Today, as a consequence, many antiaircraft units are preparing for a host of new assignments as infantry, military police, trucking companies, engineers, and field artillery, in which, if called upon, they can be expected to serve the Fifth Army with the same thoroughness and excellence as their former role. So long as the Luftwaffe still possesses a threat, however, enough AAA units to meet it will continue their normal roles. Others, if used on other tasks during periods of relative inactivity, will continue to keep their guns handy and themselves ready for prompt return to the battle should the Luftwaffe show signs of revival.
To celebrate the first anniversary of Salerno Day and to mark the achievements of the year, this short account of antiaircraft activities has been prepared for the officers and enlisted men who can look back with satisfaction on a task superbly done.


From the beaches at Salerno, in the defense of Naples, in the crossing of the Volturno and the Rapido to Anzio, Fifth Army antiaircraft bested the German Air Force.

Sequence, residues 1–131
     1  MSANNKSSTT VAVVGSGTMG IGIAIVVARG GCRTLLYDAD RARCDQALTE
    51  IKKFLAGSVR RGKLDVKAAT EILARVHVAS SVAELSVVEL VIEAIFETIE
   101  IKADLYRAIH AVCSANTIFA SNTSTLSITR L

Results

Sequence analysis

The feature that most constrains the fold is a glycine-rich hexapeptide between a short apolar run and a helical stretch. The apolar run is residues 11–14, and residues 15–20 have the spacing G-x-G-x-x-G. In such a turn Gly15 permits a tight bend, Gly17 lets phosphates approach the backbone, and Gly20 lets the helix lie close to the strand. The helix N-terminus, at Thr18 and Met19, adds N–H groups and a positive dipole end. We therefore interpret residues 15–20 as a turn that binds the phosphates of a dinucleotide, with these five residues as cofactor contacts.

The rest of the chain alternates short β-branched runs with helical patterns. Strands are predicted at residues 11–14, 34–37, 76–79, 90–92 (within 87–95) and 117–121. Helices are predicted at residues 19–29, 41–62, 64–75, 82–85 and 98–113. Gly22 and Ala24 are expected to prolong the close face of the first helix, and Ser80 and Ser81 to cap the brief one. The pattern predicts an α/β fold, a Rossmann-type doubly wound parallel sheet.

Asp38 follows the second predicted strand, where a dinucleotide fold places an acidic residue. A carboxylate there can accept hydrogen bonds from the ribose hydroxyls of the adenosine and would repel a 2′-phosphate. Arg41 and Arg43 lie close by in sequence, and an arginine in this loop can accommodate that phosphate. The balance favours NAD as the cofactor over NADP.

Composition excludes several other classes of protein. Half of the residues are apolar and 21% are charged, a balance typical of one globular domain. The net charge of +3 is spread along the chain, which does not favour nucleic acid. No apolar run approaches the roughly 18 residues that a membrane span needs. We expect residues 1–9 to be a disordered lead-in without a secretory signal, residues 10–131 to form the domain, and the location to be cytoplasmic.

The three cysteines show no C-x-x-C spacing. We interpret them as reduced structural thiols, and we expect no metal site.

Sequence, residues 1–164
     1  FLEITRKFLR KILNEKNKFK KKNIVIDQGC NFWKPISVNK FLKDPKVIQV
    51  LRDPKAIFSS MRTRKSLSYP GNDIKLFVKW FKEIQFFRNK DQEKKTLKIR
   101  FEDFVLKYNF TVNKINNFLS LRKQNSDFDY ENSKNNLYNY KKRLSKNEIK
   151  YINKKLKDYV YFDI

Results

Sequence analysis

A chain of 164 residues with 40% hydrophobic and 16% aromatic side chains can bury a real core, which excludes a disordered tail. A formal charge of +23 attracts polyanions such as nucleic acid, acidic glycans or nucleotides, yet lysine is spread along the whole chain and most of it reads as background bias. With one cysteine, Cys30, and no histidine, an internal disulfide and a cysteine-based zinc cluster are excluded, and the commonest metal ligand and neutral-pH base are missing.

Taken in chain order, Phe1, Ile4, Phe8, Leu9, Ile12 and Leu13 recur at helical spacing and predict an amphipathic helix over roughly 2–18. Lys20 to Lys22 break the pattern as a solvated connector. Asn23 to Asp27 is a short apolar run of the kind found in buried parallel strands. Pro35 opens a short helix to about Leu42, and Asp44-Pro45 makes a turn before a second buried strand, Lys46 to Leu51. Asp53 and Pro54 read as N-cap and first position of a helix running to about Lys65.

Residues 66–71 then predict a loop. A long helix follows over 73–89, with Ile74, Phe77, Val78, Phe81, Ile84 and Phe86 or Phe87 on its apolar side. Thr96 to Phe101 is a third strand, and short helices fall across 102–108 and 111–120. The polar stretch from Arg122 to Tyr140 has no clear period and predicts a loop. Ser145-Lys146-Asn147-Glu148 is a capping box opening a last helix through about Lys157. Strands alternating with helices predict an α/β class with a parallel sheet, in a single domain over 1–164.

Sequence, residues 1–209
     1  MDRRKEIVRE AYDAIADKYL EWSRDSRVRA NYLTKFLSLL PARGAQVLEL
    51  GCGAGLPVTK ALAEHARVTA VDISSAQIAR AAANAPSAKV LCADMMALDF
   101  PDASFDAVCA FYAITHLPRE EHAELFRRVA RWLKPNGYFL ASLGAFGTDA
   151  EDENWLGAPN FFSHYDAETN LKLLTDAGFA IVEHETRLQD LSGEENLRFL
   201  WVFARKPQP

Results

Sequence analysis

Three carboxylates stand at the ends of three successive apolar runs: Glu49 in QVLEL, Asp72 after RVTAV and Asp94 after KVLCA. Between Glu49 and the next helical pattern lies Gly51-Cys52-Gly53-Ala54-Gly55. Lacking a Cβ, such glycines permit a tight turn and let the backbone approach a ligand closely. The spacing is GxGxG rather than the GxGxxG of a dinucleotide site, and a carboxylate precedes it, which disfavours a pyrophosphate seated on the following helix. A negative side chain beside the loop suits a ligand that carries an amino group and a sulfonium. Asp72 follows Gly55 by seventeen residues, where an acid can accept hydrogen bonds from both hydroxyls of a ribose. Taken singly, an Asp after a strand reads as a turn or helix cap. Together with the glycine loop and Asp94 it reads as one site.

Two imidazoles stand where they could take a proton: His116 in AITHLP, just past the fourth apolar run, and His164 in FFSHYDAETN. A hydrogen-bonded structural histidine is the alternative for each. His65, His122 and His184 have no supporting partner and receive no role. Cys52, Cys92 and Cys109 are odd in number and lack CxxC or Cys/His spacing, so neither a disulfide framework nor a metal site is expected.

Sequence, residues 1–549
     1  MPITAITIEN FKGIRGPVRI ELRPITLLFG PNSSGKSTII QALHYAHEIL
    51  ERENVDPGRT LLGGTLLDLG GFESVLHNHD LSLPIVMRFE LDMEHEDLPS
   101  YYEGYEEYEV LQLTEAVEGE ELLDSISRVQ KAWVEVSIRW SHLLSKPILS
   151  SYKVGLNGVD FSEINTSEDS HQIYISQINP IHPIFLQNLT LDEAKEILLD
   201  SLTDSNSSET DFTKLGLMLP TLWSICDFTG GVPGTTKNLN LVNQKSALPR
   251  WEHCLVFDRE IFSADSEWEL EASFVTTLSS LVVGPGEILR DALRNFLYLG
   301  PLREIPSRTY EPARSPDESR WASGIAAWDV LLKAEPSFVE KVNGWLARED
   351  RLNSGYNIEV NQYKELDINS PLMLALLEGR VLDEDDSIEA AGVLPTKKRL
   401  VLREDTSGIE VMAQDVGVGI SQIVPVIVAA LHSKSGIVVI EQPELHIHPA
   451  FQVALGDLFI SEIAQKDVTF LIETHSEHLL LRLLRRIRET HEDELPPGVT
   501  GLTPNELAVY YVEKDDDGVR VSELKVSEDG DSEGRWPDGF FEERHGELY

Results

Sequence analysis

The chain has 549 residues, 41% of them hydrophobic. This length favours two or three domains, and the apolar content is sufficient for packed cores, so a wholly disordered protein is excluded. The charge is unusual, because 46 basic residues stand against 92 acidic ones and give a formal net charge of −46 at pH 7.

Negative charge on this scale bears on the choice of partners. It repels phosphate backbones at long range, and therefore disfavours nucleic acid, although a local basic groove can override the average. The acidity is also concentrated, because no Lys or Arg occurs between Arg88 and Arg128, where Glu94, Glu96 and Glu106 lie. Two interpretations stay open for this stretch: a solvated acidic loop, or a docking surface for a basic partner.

Stress has been laid not only upon the prime commitment, that of actively and aggressively fighting enemy aircraft, but also upon its value in general support. Rolling ashore at Salerno, the automatic weapons units, which went in with the early assault waves, dug in and engaged German tanks, infantry and artillery as well as raiding planes. Early on the morning of 9 September, an automatic weapons battalion with only 7 guns ashore and ready for enemy aircraft found itself in a general melee of enemy tanks and infantry. Two tanks were put out of action by 40 millimeter armor-piercing shells. As more guns were put ashore and into hasty positions, the battalion poured fire into buildings, clearing them of enemy snipers. Mortar and enemy machine gun positions were knocked out. A unique engagement                     
[Salerno, early assault waves]

[Salerno, German 88mm, enemy gun crew deserted their weapon]
occurred between a single 40 millimeter gun and a German 88 millimeter piece at 1,350 yards range. The 40 millimeter gun engaged the target with 75 rounds automatic fire. The enemy gun crew deserted their weapon.
The big job at Salerno, however, was the primary one of fighting off the savage and repeated air attacks directed at the massed troops and supplies in the small beachhead area, at the shipping, and at the small boats plying to and from the beaches. These attacks continued at frequent intervals day and night for the first 7 days. They failed utterly in their prime object of destroying troops and supplies on the beaches and in stopping the flow of vitally needed reinforcements and supplies. Time and again the AAA units engaged these planes, destroyed some, damaged many, and turned others from the area. Those who penetrated the defenses, in their efforts to escape destruction, were unable to bomb accurately.